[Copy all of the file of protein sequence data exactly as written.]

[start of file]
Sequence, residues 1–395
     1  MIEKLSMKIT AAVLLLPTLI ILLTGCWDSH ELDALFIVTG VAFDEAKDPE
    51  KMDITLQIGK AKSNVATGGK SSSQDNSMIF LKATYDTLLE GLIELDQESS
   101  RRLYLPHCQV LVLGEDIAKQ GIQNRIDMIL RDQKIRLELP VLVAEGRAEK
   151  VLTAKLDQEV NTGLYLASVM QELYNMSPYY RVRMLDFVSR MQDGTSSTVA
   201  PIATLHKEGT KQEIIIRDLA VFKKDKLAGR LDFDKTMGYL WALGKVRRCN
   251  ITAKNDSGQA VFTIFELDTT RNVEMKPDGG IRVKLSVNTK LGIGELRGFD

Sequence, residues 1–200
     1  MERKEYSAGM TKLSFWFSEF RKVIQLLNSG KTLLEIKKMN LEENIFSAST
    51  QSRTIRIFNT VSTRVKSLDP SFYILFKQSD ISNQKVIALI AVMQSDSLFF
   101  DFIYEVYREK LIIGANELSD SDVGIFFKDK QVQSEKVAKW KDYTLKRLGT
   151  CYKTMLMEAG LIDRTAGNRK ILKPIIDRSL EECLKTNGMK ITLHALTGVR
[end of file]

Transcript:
Sequence, residues 1–395
     1  MIEKLSMKIT AAVLLLPTLI ILLTGCWDSH ELDALFIVTG VAFDEAKDPE
    51  KMDITLQIGK AKSNVATGGK SSSQDNSMIF LKATYDTLLE GLIELDQESS
   101  RRLYLPHCQV LVLGEDIAKQ GIQNRIDMIL RDQKIRLELP VLVAEGRAEK
   151  VLTAKLDQEV NTGLYLASVM QELYNMSPYY RVRMLDFVSR MQDGTSSTVA
   201  PIATLHKEGT KQEIIIRDLA VFKKDKLAGR LDFDKTMGYL WALGKVRRCN
   251  ITAKNDSGQA VFTIFELDTT RNVEMKPDGG IRVKLSVNTK LGIGELRGFD

Sequence, residues 1–200
     1  MERKEYSAGM TKLSFWFSEF RKVIQLLNSG KTLLEIKKMN LEENIFSAST
    51  QSRTIRIFNT VSTRVKSLDP SFYILFKQSD ISNQKVIALI AVMQSDSLFF
   101  DFIYEVYREK LIIGANELSD SDVGIFFKDK QVQSEKVAKW KDYTLKRLGT
   151  CYKTMLMEAG LIDRTAGNRK ILKPIIDRSL EECLKTNGMK ITLHALTGVR